A poster from Finocchio's, date unknown.
One of the most interesting things I've done recently was prowl around the premises of Finocchio's, San Francisco's fabled female impersonator club, which closed November 27, 1999 after 63 years in the same location.
The club's history actually began back in the Roaring '20s, when founder Joe Finocchio opened a speakeasy on Stockton Street on the edge of the seedy Tenderloin District. The place featured female impersonation even then. The club went above-ground with the repeal of Prohibition in 1933 and moved to the trendy North Beach nightclub district in 1936. Most gay men and lesbians today don't think of professional female impersonator clubs as being particularly queer, but in the days before gay liberation they provided valuable semi-public social spaces for sexual minorities to congregate.
For decades, Finocchio's was a world-renowned venue. Hollywood stars frequented the club, flying up to San Francisco from Los Angeles to see themselves being impersonated -- as Tallulah Bankhead did in the accompanying photo. Ms. Bankhead is joined by members of the show, including Elton Paris (left) and Lucian Phelps (3rd from left). It's worth noting the mixed-race audience, a rarity in the era of segregation.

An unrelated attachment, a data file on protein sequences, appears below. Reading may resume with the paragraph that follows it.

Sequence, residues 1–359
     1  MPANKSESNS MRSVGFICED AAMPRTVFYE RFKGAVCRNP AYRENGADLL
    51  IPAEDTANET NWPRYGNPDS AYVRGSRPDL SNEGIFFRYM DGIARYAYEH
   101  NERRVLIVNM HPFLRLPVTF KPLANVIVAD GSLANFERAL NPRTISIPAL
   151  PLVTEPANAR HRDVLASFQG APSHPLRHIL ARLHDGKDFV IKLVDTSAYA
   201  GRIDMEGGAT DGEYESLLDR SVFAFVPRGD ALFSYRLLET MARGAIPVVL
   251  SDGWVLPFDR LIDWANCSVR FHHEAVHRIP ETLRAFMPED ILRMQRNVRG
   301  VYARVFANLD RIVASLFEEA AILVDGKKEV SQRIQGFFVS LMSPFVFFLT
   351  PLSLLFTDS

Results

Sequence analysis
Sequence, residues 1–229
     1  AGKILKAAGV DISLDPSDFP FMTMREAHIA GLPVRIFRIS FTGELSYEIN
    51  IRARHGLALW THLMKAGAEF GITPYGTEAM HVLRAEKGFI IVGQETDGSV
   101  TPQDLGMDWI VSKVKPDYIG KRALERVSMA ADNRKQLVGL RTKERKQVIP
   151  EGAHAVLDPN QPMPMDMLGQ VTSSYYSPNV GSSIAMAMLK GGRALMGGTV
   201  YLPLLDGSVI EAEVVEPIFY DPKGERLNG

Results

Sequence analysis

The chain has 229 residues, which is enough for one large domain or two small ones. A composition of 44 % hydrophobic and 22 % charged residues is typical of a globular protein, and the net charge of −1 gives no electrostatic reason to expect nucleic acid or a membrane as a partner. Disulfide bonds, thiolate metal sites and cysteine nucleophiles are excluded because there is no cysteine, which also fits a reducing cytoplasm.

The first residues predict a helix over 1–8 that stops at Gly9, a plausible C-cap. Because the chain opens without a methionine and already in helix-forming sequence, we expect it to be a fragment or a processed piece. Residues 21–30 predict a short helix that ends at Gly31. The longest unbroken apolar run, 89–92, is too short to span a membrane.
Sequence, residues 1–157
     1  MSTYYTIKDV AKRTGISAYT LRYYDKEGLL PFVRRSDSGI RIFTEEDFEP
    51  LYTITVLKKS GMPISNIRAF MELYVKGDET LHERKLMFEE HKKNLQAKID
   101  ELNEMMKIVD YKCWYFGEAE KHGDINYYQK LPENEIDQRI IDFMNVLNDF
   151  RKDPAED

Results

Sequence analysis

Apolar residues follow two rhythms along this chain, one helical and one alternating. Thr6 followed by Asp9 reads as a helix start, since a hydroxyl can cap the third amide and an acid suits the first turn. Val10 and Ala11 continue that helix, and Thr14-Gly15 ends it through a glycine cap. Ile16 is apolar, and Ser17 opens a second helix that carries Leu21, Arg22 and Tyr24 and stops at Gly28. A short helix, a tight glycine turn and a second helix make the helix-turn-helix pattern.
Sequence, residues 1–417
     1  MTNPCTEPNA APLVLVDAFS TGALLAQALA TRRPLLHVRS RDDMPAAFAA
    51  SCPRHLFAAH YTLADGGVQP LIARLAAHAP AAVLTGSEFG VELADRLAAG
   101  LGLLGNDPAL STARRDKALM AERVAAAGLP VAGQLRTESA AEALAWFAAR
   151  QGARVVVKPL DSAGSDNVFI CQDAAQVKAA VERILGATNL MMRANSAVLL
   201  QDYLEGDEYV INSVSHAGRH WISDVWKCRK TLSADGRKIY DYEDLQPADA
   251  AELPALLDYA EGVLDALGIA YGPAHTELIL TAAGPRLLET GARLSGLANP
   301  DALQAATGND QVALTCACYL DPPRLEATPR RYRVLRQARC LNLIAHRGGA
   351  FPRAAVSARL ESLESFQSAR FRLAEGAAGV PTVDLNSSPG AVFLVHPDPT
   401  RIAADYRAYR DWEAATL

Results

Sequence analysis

Well aware of its former glory, I was a bit sad to see Finocchio's look so down at the heels last week as GLBT Historical Society staff members carted away a truckload of memorabilia. The drag club business just ain't what it used to be, and it hasn't been for a good long time. It felt like a piece of old San Francisco -- and old gay life -- had quietly passed away. Joe Finocchio's second wife Eve, a feisty grand dame well into her 80s, sat in a chair in the middle of the room and watched her grandson, the club's manager, box up the liquor stock as we historians circled like buzzards around ratty dressing room fixtures, odd scraps of cast-off costumes, a pair of false eyelashes stored in an empty Premarin prescription bottle, and other detritus that had accumulated over more than half a century.
At one point, Eve Finocchio motioned for me to come to her. "Here, honey, why don't you take this, too," she said, handing me an exquisite ermine stole. "I once gave it to a queen who worked here, but he doesn't need it now. He's a Catholic priest. Anyway, I might as well donate it to history -- you just can't get away with wearing fur these days.
Check out the GLBT Historical Society for much more information on local queer history.